"overwhelm or confound with sudden surprise or wonder," 1580s, back-formation from Middle English amased "stunned, dazed, bewildered," (late 14c.), earlier "stupefied, irrational, foolish" (c. 1200), from Old English amasod, from a- (1), probably used here as an intensive prefix, + *mæs (see maze). Related: Amazed; amazing.
Entries linking to amaze
prefix or inseparable particle, a relic of various Germanic and Latin elements.
In words derived from Old English, it commonly represents Old English an "on, in, into" (see on (prep.)), as in alive, above, asleep, aback, abroad, afoot, ashore, ahead, abed, aside, obsolete arank "in rank and file," etc., forming adjectives and adverbs from nouns, with the notion "in, at; engaged in." In this use it is identical to a (2).
It also can represent Middle English of (prep.) "off, from," as in anew, afresh, akin, abreast. Or it can be a reduced form of the Old English past participle prefix ge-, as in aware.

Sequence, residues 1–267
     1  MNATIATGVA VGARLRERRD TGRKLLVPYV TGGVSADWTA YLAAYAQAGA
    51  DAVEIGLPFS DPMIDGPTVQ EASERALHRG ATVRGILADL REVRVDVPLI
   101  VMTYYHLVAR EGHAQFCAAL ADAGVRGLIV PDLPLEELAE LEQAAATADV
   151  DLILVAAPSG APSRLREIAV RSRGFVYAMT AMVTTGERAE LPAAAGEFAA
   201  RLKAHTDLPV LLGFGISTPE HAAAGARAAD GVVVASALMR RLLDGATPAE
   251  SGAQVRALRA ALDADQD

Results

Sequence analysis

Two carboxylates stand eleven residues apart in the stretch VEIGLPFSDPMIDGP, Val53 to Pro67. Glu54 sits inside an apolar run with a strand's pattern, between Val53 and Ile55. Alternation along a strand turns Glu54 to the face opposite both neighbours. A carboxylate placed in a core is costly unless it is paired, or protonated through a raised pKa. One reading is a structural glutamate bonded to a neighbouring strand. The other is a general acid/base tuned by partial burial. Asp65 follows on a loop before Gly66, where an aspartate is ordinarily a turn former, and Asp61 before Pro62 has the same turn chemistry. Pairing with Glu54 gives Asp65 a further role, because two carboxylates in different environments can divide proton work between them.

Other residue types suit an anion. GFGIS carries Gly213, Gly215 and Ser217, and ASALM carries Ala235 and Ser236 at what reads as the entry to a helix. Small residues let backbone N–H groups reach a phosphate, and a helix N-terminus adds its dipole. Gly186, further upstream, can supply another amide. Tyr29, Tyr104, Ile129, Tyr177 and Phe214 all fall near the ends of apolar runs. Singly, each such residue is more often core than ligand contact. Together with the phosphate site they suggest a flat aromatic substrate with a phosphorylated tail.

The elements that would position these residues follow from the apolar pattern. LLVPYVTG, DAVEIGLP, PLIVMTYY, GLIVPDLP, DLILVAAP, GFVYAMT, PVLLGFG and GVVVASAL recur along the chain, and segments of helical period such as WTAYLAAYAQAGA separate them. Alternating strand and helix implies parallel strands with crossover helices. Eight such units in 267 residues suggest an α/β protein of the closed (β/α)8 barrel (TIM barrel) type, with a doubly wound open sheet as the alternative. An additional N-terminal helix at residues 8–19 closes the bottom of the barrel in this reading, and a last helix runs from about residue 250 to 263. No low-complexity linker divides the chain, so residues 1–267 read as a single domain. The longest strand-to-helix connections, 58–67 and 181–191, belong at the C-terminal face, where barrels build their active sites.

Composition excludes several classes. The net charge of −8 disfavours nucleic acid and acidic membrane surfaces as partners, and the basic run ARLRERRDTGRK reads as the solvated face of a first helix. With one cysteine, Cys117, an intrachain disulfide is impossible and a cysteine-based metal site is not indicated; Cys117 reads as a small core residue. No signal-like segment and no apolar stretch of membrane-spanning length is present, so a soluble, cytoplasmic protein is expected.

Or it can be the Old English intensive a-, originally ar- (cognate with German er- and probably implying originally "motion away from"), as in abide, arise, awake, ashamed, marking a verb as momentary, a single event. Such words sometimes were refashioned in early modern English as though the prefix were Latin (accursed, allay, affright are examples).
In words from Romanic languages, often it represents reduced forms of Latin ad "to, toward; for" (see ad-), or ab "from, away, off" (see ab-); both of which by about 7c. had been reduced to a in the ancestor of Old French. In a few cases it represents Latin ex.
[I]t naturally happened that all these a- prefixes were at length confusedly lumped together in idea, and the resultant a- looked upon as vaguely intensive, rhetorical, euphonic, or even archaic, and wholly otiose. [OED]
c. 1300, "delusion, bewilderment, confusion of thought," possibly from Old English *mæs, which is suggested by the compound amasod "amazed" and verb amasian "to confound, confuse" (compare amaze). Of uncertain origin; perhaps related to Norwegian dialectal mas "exhausting labor," Swedish masa "to be slow or sluggish."
Meaning "labyrinth, baffling network of paths or passages" is recorded from late 14c. (on the notion of something intended to confuse or mislead"). Also as a verb in Middle English, "to stupefy, daze" (early 14c.).